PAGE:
Brison talks on assault, recovery
Philosophy Professor Susan Brison discussed her experience as the victim of a brutal rape at a presentation yesterday of her recently published book, "Aftermath: Violence and the Remaking of a Self."
While Brison dedicated much of the discussion to her own experience and recovery, she also addressed the larger issues of victims' rights and what she called the social "phenomenon" of misogyny.
Brison was attacked while walking alone through a country field near Grenoble, France. Her attacker, a young local farmer, was quickly apprehended and confessed to the crime. He was later sentenced to 10 years in prison. She did not know her attacker prior to the assault.
The process of "re-building" herself following the attacks was accompanied by a search for a reason, Brison said.
Unable to find a specific reason, Brison came to believe that her perpetrator acted out of animosity toward women. "I perceive myself as the victim of a hate crime," she said.
Violence and hatred against women are cultural problems, Brison argued, suggesting that society needs to raise men to have more positive views toward women.
Brison expressed dismay that sexual violence is seen in America as a subject of jokes and ridicule, noting that when other forms of violence occur, such as terrorist attacks, society will immediately treat that subject more sensitively.
Brison was also vocal against the death penalty and was disturbed that "victims' rights movements" are often confused with pro-death penalty groups.
After reading several short passages from "Aftermath," Brison discussed the process of writing as a way to both deal with her own pain and a way to "make it easier for others to tell their stories."
"I consider myself a victims' rights advocate," Brison said.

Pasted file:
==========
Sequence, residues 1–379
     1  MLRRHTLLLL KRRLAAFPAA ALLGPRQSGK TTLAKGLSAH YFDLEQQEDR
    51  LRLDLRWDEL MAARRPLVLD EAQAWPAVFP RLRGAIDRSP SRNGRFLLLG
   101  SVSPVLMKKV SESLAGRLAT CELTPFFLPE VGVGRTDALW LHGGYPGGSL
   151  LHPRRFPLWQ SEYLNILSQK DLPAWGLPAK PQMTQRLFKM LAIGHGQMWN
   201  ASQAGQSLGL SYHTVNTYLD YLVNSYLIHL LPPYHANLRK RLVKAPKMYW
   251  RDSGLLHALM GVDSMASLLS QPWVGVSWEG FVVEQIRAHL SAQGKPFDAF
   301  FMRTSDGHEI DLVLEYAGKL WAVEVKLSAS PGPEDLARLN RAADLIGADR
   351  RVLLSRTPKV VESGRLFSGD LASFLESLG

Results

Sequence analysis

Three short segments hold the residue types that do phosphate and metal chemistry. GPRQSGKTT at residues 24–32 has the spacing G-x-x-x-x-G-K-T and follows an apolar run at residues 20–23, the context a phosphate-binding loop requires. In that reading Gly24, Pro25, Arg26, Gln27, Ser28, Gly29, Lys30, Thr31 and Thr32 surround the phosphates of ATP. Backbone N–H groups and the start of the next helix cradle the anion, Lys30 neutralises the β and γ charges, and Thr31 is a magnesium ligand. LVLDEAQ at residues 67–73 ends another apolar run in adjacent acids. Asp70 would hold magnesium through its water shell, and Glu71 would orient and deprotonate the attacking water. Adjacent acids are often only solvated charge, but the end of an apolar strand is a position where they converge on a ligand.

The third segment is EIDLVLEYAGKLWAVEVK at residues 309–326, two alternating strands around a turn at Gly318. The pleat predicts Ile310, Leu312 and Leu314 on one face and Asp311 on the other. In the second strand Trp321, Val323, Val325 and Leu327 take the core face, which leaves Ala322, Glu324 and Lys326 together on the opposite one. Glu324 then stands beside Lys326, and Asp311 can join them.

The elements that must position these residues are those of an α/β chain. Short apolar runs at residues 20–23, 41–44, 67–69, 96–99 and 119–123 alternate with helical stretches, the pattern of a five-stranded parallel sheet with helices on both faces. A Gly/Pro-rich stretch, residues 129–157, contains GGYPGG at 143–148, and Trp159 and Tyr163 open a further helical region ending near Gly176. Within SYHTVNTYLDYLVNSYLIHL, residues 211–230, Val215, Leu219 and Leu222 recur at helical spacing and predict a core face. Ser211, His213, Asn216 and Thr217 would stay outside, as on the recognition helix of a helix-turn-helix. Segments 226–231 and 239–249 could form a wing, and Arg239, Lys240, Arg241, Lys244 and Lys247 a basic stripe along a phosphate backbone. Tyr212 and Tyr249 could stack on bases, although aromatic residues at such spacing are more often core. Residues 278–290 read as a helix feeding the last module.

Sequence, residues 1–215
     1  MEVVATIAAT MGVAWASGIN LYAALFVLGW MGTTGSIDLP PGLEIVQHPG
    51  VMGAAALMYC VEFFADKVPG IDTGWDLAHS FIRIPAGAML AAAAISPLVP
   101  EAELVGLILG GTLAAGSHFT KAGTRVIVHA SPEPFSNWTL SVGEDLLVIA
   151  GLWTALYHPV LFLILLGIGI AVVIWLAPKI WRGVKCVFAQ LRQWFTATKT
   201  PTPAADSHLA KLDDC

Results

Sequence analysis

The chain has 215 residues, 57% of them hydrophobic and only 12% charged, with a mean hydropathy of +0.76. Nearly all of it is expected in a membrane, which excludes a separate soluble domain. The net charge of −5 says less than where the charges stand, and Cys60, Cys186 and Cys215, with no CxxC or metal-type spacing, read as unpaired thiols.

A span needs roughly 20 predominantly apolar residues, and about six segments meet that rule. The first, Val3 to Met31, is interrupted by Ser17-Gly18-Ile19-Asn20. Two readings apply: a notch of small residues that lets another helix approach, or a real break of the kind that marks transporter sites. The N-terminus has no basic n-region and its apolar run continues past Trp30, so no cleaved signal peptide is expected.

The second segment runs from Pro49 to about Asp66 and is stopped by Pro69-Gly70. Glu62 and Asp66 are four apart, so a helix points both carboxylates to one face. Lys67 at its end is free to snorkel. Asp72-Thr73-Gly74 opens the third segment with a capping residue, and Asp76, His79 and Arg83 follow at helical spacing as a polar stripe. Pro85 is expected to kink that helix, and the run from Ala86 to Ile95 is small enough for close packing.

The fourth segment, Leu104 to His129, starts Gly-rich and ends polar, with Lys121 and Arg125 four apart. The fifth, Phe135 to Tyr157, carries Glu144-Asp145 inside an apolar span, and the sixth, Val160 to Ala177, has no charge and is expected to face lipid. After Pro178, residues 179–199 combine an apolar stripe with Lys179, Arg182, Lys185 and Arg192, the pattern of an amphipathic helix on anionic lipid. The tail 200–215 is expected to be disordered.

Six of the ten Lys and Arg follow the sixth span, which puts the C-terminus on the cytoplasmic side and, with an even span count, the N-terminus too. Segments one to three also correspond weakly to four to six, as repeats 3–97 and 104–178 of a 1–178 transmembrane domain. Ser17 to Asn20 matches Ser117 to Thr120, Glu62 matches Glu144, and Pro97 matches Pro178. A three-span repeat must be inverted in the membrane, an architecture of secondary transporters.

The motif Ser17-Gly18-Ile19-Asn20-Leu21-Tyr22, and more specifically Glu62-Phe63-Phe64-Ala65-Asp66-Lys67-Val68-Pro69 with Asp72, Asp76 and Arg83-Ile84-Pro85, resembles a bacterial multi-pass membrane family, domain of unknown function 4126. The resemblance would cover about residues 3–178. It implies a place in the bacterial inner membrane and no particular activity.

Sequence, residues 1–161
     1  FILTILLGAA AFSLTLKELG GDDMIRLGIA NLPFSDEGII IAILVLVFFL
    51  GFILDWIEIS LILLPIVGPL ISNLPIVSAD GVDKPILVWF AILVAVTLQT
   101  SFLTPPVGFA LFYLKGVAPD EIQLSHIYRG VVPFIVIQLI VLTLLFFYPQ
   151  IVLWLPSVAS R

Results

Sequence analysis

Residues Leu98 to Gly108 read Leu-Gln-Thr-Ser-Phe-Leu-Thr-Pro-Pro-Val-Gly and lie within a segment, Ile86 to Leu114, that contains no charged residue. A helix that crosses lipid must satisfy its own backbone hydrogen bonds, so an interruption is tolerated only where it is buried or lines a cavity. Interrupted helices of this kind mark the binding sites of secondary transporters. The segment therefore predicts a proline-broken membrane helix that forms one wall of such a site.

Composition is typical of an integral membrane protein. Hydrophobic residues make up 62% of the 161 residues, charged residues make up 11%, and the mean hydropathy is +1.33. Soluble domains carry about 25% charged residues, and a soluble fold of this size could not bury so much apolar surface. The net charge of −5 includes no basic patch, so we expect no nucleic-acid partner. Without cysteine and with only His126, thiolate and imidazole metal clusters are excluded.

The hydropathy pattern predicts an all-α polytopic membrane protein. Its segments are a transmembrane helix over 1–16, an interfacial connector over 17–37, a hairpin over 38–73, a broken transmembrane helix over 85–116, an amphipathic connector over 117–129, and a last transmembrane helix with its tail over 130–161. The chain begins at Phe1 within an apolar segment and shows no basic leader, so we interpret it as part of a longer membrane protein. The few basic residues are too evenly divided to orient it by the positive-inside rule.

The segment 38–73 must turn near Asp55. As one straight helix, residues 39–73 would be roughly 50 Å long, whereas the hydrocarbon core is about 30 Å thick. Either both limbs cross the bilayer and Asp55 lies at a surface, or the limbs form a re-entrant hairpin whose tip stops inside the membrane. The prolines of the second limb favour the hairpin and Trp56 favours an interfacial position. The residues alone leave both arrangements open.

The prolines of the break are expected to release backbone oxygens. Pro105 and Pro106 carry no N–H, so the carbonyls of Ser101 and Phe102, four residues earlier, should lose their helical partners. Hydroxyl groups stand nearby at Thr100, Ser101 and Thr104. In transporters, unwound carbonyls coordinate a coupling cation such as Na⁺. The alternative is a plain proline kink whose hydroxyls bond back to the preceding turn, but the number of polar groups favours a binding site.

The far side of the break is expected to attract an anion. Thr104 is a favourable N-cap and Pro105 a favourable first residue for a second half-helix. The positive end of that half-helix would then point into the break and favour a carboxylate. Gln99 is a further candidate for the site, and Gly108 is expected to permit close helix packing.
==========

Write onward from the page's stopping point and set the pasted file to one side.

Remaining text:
She explained that, while she wasn't strong enough to interact one-on-one with other rape victims, she hoped to reach others through her writing.
Following the readings and lunch, Brison moved from table to table to participate in more intimate discussions with the audience.
Lingling Zeng, a graduate student, described the shame Chinese women bear when they disclose incidents of sexual assault and expressed her admiration for Brison in speaking out and telling her story.
Johan Eideberg '02 asked if Brison was satisfied by the 10-year sentence the perpetrator received. Brison said yes, and added that she was not so much mad at him as at the society that produced him, recalling her earlier discussion on misogyny.
Although the luncheon began at noon and was scheduled to end at one, Brison stayed until nearly two o'clock discussing her story and book with eager students and faculty.
Many audience members were captivated by Brison's speech, keeping their eyes glued on the author and nodding intermittently. Several almost forgot to eat their soup, only realizing it was there when waiters attempted to put the second course on the table.
"Aftermath," published earlier this year, describes Brison's 1990 assault and discusses how she dealt with her trauma over the years that followed.
Brison's audience yesterday afternoon was comprised of a diverse group of students and faculty.
One female student disclosed that she was the victim of a sexual assault and found such events enriching. Other students were there out of academic interest or attended with a particular class.
When asked why she had come, fellow philosophy professor Ann Bumpus simply said, "I'm here to support Susan."